Growing opportunities to collect and leverage digital information have led many managers to change how they make decisions – relying less on intuition and more on data. As Jim Barksdale, the former CEO of Netscape quipped, “If we have data, let’s look at data. If all we have are opinions, let’s go with mine.” Following pathbreakers such as Caesar’s CEO Gary Loveman – who attributes his firm’s success to the use of databases and cutting-edge analytical tools – managers at many levels are now consuming data and analytical output in unprecedented ways.
This should come as no surprise. At their most fundamental level, all organizations can be thought of as “information processors” that rely on the technologies of hierarchy, specialization, and human perception to collect, disseminate, and act on insights. Therefore, it’s only natural that technologies delivering faster, cheaper, more accurate information create opportunities to re-invent the managerial machinery.
At the same time, large corporations are not always nimble creatures. How quickly are managers actually making the investments and process changes required to embrace decision-making practices rooted in objective data? And should all firms jump on this latest managerial bandwagon?
We recently worked with a team at the U.S. Census Bureau and our colleagues Nick Bloom of Stanford and John van Reenen of the London School of Economics to design and field a large-scale survey to pursue these questions in the U.S. manufacturing sector. The survey targeted a representative group of roughly 50,000 American manufacturing establishments.
Our initial line of inquiry delves into the spread of data-driven decision making, or “DDD” for short. We find that the use of DDD in U.S. manufacturing nearly tripled between 2005 and 2010, from 11% to 30% of plants. However, adoption has been uneven. DDD is primarily concentrated in plants with four key advantages: 1) high levels of information technology, 2) educated workers, 3) greater size, and 4) better awareness.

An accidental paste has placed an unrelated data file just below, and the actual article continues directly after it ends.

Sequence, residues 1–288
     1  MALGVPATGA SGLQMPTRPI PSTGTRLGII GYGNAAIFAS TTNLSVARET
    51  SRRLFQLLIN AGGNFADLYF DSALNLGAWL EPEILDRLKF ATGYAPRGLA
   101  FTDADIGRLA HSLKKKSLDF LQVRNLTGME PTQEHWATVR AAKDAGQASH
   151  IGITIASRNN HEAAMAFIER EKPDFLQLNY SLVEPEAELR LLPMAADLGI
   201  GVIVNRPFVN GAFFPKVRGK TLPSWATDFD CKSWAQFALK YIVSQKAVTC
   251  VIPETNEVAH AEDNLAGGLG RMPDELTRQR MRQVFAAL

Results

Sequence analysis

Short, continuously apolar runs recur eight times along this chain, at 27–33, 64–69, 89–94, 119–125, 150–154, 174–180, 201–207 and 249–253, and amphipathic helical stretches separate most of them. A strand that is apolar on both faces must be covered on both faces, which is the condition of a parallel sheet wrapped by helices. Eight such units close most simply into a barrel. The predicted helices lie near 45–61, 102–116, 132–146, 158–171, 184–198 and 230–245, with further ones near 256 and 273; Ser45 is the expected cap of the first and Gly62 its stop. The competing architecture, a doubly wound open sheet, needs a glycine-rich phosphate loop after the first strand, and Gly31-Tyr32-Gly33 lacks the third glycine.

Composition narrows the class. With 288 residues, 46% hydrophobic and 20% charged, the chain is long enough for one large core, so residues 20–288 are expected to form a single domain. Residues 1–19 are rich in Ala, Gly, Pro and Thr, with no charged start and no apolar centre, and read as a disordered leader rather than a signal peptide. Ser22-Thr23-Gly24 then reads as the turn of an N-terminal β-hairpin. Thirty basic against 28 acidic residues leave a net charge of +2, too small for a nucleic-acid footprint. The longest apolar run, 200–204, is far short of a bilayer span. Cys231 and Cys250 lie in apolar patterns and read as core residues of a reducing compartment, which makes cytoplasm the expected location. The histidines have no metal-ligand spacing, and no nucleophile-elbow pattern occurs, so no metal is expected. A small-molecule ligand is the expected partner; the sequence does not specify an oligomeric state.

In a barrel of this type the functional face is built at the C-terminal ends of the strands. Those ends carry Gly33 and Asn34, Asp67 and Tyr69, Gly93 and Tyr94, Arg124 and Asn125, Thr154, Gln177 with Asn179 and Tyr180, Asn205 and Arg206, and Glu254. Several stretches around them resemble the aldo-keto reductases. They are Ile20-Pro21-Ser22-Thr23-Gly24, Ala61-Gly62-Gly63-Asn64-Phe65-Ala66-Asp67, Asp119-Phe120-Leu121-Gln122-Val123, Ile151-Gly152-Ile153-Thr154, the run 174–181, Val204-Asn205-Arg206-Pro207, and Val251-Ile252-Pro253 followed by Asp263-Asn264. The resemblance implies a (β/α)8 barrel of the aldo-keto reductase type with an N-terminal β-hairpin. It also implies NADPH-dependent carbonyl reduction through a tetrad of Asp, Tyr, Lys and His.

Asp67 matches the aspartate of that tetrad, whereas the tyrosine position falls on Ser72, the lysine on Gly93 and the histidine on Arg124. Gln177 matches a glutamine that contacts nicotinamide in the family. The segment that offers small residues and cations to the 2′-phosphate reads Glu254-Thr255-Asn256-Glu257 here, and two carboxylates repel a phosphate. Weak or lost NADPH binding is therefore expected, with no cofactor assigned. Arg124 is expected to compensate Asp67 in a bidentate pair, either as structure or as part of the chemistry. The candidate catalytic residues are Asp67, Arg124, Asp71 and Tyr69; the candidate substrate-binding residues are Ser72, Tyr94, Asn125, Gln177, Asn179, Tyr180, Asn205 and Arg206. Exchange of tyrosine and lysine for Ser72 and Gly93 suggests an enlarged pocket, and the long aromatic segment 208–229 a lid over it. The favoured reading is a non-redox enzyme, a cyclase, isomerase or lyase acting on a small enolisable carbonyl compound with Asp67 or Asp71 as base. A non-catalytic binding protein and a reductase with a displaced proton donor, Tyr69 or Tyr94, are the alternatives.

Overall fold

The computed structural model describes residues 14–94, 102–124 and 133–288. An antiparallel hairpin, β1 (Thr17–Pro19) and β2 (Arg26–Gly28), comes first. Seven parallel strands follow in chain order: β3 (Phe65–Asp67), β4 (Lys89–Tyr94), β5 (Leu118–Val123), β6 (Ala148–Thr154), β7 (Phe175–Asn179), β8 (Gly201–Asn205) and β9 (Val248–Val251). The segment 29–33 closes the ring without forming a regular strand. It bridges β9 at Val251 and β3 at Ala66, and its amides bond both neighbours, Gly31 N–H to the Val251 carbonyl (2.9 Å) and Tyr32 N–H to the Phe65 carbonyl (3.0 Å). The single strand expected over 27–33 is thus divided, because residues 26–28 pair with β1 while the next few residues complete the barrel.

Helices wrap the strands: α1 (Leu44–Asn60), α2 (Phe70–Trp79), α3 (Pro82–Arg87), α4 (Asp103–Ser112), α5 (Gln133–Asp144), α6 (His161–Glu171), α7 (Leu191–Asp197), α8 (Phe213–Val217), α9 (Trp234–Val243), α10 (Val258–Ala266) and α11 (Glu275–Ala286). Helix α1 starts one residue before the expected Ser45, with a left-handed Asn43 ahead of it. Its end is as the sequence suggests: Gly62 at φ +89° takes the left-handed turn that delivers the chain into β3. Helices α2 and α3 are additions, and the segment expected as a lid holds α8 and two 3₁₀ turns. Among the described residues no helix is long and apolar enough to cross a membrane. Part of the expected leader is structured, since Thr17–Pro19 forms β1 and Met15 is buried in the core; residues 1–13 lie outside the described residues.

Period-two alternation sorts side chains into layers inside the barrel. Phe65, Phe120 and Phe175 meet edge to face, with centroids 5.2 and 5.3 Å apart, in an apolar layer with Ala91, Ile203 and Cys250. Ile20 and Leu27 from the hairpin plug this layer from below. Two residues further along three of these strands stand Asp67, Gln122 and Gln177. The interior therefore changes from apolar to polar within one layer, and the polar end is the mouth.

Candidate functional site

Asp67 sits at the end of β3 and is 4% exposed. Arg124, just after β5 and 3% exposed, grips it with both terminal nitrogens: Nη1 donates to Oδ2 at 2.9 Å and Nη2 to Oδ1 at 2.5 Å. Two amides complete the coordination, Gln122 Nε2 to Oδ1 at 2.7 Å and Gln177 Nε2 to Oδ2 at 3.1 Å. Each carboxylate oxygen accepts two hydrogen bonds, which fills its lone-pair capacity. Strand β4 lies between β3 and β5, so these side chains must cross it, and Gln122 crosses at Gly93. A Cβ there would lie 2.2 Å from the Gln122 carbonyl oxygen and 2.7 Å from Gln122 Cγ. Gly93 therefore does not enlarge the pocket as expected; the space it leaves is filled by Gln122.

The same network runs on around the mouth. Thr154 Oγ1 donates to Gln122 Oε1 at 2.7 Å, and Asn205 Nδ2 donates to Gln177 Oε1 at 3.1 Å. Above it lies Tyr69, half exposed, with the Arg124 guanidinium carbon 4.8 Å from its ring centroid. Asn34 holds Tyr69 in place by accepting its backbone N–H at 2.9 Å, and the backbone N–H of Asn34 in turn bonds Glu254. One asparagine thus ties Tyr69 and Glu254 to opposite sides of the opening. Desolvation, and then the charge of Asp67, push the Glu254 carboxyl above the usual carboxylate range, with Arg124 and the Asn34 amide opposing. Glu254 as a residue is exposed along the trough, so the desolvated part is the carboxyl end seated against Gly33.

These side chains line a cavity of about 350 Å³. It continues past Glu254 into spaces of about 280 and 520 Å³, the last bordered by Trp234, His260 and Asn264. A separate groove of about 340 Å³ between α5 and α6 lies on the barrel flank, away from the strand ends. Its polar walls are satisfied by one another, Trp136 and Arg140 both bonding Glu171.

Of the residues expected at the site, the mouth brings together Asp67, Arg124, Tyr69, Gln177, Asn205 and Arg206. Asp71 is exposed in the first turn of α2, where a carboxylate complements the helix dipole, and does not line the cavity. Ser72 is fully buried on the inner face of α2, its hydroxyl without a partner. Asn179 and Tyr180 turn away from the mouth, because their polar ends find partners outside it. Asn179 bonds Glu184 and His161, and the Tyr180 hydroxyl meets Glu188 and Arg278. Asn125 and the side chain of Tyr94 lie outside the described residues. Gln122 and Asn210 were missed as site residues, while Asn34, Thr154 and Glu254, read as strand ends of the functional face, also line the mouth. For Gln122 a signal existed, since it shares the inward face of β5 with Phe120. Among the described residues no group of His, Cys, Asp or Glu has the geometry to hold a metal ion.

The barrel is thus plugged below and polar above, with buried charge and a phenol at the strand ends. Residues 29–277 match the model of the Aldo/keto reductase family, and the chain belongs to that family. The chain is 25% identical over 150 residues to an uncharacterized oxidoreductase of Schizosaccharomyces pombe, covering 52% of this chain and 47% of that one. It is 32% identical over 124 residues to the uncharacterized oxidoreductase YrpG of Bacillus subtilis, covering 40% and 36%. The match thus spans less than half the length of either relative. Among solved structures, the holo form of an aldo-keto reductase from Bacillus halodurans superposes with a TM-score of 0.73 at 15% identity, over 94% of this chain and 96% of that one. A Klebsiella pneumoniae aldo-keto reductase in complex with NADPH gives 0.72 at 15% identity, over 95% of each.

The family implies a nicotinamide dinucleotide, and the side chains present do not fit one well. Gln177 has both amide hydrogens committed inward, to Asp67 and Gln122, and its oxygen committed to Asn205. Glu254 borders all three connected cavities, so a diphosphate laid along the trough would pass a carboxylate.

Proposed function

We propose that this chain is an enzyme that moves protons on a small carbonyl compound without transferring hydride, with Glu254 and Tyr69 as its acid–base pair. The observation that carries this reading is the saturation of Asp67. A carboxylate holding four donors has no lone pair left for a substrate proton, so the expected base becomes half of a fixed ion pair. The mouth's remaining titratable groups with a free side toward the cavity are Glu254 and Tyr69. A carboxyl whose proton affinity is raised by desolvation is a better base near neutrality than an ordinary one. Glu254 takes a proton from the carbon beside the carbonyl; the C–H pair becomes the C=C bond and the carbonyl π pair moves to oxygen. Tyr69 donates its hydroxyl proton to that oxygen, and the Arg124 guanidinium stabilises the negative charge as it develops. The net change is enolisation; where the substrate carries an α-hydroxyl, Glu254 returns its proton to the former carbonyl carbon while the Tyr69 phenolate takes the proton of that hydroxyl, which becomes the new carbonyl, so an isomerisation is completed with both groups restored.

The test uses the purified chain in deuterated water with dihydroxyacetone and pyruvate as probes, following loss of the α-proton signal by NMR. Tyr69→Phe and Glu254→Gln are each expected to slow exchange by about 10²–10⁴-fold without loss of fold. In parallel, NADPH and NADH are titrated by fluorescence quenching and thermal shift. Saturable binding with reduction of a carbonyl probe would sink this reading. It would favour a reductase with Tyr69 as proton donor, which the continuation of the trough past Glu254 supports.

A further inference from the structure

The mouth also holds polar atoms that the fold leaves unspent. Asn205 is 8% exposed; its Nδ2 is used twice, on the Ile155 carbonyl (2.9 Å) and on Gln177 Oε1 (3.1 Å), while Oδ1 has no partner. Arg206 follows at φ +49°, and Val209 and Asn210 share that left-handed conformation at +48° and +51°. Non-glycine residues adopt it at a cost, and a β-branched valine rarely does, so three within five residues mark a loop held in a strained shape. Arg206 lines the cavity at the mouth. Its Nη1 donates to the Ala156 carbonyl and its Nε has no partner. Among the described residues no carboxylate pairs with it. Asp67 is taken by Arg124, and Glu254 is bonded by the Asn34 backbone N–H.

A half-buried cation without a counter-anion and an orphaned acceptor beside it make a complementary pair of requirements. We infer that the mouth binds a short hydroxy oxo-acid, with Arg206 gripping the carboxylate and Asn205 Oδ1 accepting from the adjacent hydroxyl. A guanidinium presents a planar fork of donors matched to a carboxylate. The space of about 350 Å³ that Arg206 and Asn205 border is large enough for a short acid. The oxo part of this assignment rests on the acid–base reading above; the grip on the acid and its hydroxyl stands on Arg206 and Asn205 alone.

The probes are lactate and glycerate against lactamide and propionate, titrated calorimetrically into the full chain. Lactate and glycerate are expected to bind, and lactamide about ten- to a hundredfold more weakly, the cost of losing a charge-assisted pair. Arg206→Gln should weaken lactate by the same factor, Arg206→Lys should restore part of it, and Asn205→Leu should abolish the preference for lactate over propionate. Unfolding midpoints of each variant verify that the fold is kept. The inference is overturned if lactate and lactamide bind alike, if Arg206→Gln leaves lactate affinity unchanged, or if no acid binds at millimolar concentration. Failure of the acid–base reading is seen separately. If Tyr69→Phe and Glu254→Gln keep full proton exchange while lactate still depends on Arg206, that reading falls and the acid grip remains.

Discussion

Four factors are driving data-driven decision-making:
IT: DDD is more extensive in firms that have already made significant IT investments. Quite intuitively, firms make better use of DDD when they have more sophisticated IT to track, process, and communicate data. Likewise, they enjoy higher returns from IT when it guides decision-making and action at the firm.
College degrees: Having a larger share of workers (including both managers and non-managers) with Bachelor’s degrees also predicts the use of DDD. This may reflect the way formal education can make people more comfortable with quantitative and data-centric ways of understanding the world.
Size: Both single-plant firms, and those with multiple plants are increasing their reliance on DDD at roughly the same rate. However, single-plant establishments are still at less than half the adoption level of their bigger brethren (see Figure 1). That’s no surprise — plants that belong to larger, multi-unit firms have the advantage of being able to learn from each other and share infrastructure.
Awareness: Last but not least, even DDD-ready firms may lag behind due to a simple lack of awareness about its benefits. In order to adopt DDD, firms first have to learn about emerging practices and how they might work (or not) in their particular organization. Plants that report a larger number of opportunities to learn about new management practices – like hearing about it from other units of the same firm, from outside consultants or new employees, or from trade associations or supply chain partners – are far more likely to report being at the frontier of data-driven decision making. If you share this article with your co-workers, you might see your own firm’s use of DDD jump up a notch.
For all its benefits, DDD may not be the path to salvation for every firm. Even managers who have received the DDD gospel may oversee environments that do not permit reliable data collection. For many types of decisions, especially those for which little quantitative data exist, the broader knowledge and experience of leaders still outperforms purely data-driven approaches. Furthermore, the costs of moving to the DDD frontier are not trivial, and may outweigh the benefits – particularly if the scale of operations is just too small.